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Hodgson, D., Howe, S., Jeffcott, L., Reid, S., Mellor, D., & Higgins, A. (2005). Effect of prolonged use of altrenogest on behaviour in mares (Vol. 169).
Abstract: Erratum in:
Vet J. 2005 May;169(3):321.
Corrected and republished in:
Vet J. 2005 May;169(3):322-5.
Oral administration of altrenogest for oestrus suppression in competition horses is believed to be widespread in some equestrian disciplines, and can be administered continuously for several months during a competition season. To examine whether altrenogest has any anabolic or other potential performance enhancing properties that may give a horse an unfair advantage, we examined the effect of oral altrenogest (0.044 mg/kg), given daily for a period of eight weeks, on social hierarchy, activity budget, body-mass and body condition score of 12 sedentary mares. We concluded that prolonged oral administration of altrenogest at recommended dose rates to sedentary mares resulted in no effect on dominance hierarchies, body mass or condition score.
Jeffcott, L. B., & Dalin, G. (1980). Natural rigaidity of the horse's backbone. Equine Vet J, 12(3), 101–108.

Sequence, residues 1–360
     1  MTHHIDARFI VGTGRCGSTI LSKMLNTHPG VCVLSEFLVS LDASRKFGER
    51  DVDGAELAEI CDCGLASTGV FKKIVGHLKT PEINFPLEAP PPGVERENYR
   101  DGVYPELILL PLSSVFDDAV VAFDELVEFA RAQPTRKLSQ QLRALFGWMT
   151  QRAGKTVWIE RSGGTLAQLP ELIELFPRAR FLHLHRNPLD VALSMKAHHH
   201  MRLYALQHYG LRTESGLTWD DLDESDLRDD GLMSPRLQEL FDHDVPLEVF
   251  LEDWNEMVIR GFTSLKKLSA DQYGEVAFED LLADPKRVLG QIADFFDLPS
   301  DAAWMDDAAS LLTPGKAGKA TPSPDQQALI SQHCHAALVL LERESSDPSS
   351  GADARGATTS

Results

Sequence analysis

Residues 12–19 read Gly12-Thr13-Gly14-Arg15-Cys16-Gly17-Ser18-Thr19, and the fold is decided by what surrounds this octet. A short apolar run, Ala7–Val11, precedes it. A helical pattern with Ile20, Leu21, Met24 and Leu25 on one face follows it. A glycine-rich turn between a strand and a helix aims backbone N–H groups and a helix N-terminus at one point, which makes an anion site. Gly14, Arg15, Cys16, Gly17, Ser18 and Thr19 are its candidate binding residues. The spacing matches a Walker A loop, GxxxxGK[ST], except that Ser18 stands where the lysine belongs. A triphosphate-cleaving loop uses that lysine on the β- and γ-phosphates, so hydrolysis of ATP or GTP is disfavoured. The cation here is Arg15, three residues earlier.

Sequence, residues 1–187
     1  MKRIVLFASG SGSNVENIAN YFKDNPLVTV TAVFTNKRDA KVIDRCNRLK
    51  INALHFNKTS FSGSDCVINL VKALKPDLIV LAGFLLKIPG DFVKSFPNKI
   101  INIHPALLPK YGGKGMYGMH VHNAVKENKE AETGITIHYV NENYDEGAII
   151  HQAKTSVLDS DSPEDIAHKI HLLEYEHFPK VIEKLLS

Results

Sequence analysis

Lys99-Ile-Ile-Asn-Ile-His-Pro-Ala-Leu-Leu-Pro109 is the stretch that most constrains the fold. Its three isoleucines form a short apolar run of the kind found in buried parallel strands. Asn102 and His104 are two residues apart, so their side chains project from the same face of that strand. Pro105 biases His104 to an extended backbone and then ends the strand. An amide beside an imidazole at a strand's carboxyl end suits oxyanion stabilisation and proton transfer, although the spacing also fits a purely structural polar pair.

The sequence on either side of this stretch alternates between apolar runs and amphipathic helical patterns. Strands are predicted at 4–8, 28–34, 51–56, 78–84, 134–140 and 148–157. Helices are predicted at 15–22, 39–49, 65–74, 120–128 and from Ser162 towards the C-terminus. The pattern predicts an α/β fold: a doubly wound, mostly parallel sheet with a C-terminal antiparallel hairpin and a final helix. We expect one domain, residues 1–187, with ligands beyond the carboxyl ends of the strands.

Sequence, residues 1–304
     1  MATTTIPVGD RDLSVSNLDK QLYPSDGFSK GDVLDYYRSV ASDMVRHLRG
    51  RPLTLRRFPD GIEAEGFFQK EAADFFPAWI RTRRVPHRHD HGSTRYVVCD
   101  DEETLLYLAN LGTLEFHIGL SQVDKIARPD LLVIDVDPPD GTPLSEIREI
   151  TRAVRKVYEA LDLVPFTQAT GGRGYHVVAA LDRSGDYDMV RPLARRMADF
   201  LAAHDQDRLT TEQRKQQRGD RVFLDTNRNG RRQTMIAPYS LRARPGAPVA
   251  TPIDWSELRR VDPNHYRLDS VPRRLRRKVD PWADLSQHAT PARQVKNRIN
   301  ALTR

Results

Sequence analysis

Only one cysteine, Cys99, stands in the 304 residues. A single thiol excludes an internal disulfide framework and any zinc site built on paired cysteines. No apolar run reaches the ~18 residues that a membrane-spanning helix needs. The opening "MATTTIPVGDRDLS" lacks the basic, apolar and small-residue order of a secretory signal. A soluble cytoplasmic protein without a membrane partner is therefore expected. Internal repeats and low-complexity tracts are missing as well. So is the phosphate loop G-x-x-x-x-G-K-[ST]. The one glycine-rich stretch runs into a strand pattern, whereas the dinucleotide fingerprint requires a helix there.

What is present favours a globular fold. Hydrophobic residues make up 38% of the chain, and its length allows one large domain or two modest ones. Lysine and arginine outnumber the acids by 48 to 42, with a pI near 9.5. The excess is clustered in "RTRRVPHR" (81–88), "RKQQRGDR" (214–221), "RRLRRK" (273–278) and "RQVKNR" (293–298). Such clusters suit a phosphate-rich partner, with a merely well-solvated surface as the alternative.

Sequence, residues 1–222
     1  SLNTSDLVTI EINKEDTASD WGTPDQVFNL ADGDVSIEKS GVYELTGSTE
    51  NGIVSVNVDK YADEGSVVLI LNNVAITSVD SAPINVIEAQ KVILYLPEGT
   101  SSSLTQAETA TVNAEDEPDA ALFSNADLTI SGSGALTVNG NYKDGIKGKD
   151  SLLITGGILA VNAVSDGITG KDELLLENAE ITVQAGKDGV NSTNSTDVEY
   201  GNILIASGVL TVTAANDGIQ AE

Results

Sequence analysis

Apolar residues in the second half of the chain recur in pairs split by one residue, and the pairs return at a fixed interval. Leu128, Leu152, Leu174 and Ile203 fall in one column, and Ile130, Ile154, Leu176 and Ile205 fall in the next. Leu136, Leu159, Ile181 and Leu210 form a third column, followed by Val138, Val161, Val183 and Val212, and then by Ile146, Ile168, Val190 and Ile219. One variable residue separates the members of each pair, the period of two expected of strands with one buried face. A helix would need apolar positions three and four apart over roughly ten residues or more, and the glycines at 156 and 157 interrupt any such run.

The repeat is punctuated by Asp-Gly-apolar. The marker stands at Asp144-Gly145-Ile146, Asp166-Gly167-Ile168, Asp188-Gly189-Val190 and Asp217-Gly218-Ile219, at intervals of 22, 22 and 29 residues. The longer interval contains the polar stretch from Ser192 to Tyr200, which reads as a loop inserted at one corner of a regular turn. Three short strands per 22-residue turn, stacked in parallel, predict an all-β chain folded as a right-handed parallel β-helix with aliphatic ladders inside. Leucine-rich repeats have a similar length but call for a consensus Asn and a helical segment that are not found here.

Abstract: The functional anatomy of the thoracolumbar (TL) spine is considered in relation to the horse's ability to perform at speed and to jump. The morphological features quite clearly show the relative inflexibility of the equine back and this was confirmed by some experimental studies. Fresh post mortem specimens from 5 Thoroughbreds were used to estimate the limits of dorsoventral movement of the TL spine from mid-thoracic to the cranial lumbar (T10-L2). The individual spinous processes could be moved a mean 1.1-6.0 mm on maximum ventroflexion and 0.8-3.8 mm on dorsiflexion. The overall flexibility of the back was found to be 53.1 mm. Caudal to the mid-point of the back (T13) there was virtually no lateral or rotatory movement of the spine possible. The pathogenesis of some of the common causes of back trouble are discussed including the so-called vertebral subluxation and its treatment by chiropractic manipulation. From an anatomical viewpoint, this condition appears to be a misnomer and may simply be attributable to muscular imbalance leading to aspastic scoliosis.